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Alternatives to Medicare loans
Focus on grants and loans designed for nonprofits first.
The Accelerated and Advance Payments program has helped many hospitals during the coronavirus. However, with the quick due date still set at 120 days, it may be smart to borrow from an alternative source to avoid having Medicare stop reimbursing claims if your hospital is unable to repay the advance. And if your hospital missed the opportunity to borrow before the program closed, these alternatives could help you make ends meet.
How we picked these lenders
These six lenders offer a wide range of terms so your hospital can take advantage of funding that won't be due shortly after you borrow it. We based our decision on the types of loan offered as well and included two lenders that work specifically with nonprofits so your hospital has the best chance of finding the funds it needs before you need to repay your advance under Medicare's Accelerated and Advance Payments.
6 alternatives to Medicare loans
Starting at 4.75%
Best for quickly applying for an SBA loan.
6.49% to 17.99%
Best for hospitals looking for a wide range of loan options.
First Republic Bank
Starting at 2.25%
Best for nonprofit hospitals looking for tax-exempt funding.
Starting at 6.5%
Best for nonprofit hospitals located in the midwest.
Starting at 6%
Best for comparing lenders with large loan amounts and long loan terms.
Starting at 6%
Best for hospitals looking for online SBA funding.
Other business loans you can apply for today
To compare lenders, select your hospital's desired loan amount, annual revenue and time in business as well as your personal credit score on the table. Then click Show loans.
How to choose the best lender for your hospital
Your hospital will need to be on the lookout for lenders that offer larger loans and long terms to help keep monthly repayments low.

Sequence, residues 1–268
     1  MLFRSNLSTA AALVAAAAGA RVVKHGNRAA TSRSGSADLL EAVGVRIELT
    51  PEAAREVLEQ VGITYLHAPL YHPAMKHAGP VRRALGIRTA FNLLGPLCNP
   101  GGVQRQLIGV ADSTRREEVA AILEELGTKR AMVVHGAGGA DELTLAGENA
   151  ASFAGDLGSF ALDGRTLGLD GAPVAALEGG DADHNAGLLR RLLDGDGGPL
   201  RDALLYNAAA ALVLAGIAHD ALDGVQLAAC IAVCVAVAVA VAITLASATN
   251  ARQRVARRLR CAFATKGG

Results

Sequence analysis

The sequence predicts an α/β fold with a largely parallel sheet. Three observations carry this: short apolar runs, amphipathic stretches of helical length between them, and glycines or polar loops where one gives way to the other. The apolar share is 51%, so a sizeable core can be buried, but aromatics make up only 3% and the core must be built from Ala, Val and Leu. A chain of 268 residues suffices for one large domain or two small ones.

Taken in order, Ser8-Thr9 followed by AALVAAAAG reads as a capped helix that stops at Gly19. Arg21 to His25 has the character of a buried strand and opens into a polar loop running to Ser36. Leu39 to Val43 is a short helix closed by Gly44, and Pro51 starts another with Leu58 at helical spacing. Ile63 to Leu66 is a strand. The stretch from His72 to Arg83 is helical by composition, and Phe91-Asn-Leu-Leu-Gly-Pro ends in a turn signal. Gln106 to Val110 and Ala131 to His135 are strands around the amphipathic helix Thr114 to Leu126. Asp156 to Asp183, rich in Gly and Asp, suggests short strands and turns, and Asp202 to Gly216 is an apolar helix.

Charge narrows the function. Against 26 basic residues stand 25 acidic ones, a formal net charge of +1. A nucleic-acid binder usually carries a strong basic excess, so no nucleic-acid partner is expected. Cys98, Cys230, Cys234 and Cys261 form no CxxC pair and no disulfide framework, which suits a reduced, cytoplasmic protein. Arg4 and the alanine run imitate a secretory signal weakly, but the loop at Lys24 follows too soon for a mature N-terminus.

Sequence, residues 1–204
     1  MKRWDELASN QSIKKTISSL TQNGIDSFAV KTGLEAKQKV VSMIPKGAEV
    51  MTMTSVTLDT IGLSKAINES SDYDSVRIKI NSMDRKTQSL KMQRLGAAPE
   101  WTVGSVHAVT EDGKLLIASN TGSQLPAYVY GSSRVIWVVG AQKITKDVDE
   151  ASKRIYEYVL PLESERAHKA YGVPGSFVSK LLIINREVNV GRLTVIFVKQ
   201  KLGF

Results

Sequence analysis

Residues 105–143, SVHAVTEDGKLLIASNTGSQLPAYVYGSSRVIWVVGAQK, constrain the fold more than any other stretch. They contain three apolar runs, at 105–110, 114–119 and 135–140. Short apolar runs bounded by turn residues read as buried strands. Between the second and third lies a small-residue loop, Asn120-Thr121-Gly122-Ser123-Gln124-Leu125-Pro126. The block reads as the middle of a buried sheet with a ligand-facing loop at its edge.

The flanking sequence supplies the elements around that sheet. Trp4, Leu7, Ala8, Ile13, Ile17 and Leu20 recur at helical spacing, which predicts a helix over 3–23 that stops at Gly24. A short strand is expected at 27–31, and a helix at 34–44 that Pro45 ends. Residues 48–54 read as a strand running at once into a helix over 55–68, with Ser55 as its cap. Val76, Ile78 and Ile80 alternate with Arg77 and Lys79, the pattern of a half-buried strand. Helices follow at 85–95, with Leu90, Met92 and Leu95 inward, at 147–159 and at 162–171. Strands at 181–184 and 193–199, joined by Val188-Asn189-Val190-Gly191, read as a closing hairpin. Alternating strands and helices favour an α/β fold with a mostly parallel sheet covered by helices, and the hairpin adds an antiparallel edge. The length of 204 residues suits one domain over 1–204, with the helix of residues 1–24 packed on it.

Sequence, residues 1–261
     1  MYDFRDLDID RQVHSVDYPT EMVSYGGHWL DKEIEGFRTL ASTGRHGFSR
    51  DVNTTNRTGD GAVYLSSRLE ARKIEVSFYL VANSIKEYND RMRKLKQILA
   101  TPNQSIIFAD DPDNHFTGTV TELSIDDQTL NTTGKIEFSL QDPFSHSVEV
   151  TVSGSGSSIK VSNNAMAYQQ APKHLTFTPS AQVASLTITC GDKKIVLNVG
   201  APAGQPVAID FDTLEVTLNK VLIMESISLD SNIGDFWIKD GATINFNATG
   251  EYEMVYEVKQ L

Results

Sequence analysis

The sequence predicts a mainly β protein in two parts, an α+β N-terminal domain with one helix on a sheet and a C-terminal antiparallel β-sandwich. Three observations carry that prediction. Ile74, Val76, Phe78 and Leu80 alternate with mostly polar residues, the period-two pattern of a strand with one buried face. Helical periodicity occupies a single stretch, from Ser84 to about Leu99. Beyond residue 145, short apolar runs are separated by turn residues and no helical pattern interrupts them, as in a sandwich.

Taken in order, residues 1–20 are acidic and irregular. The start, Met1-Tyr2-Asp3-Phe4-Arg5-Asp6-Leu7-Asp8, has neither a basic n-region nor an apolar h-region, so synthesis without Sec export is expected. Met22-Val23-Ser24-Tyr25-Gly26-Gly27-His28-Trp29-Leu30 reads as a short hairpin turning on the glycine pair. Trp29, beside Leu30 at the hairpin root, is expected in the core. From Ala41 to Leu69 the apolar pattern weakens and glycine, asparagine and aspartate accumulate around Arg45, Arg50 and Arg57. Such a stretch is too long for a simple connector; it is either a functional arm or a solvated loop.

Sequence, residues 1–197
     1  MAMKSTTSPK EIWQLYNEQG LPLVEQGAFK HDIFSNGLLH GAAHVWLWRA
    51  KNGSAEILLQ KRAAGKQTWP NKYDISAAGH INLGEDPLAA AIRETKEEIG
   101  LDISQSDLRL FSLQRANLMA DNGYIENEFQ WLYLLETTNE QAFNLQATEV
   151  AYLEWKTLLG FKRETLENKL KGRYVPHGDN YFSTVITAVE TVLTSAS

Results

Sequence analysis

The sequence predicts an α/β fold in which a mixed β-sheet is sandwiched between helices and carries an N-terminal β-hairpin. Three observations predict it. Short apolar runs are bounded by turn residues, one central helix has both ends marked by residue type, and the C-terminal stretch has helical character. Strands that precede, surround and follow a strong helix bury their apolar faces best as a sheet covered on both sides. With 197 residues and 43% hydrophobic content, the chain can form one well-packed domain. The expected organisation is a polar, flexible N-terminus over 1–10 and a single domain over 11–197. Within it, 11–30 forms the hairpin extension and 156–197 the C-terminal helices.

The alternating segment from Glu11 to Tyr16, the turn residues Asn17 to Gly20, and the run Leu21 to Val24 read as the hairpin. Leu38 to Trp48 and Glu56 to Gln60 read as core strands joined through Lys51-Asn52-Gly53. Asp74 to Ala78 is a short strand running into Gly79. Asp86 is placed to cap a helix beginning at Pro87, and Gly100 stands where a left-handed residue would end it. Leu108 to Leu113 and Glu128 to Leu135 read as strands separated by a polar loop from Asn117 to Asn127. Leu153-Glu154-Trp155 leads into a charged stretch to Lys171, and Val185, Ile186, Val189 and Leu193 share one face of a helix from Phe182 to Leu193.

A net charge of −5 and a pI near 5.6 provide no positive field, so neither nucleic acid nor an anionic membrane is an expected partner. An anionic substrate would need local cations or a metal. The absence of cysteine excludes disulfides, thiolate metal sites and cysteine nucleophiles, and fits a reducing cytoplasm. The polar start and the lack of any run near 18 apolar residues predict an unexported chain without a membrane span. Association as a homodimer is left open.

- Loan term. Medicare's Accelerated and Advance Payments program only has a term of 120 days — which may not be long enough for many hospitals faced with a crisis. When searching for a lender, consider its maximum loan term and your hospital's ability to repay on a month-to-month basis.
- Loan amount. Many lenders limit their maximum loan amount to $500,000 or less. Ensure any lender you choose offers a loan large enough to cover the amount you need reimbursed for Medicare expenses. This may limit you to SBA loans, which can be more difficult to qualify for.
- Eligibility criteria. More than likely, a hospital will meet the minimum revenue and time in business requirements set by most lenders. But each owner will also need to pass a credit check, and you will need to provide your lender with balance sheets, business plans and revenue projections when you apply.
- Location. Some of the lenders on our list only service businesses — including hospitals — in a select number of states. If a lender doesn't service your area, your hospital will be automatically rejected.
3 alternatives to private business loans
- In general, grants should be first on your list of funding opportunities. Many specifically work with nonprofits or businesses that work with underserved communities. Hospitals, especially those in rural areas, may be able to benefit from grants for businesses.
- Loans from community development financial institutions (CDFI) may also be helpful for small hospitals. These focus on helping businesses — especially nonprofits — access funding. And while they're still loans, you may qualify for lower rates than banks, credit unions and online lenders might otherwise offer.
- Government-backed loans, like SBA and USDA loans, should also be considered. Although many business loan programs during the coronavirus pandemic have ended, your hospital may still have access to the Economic Injury Disaster Loan (EIDL) program, among others.
While these are our top alternatives to Medicare loans, there are a wide variety of other business loan options your hospital may be able to take advantage of during the COVID-19 pandemic and beyond.
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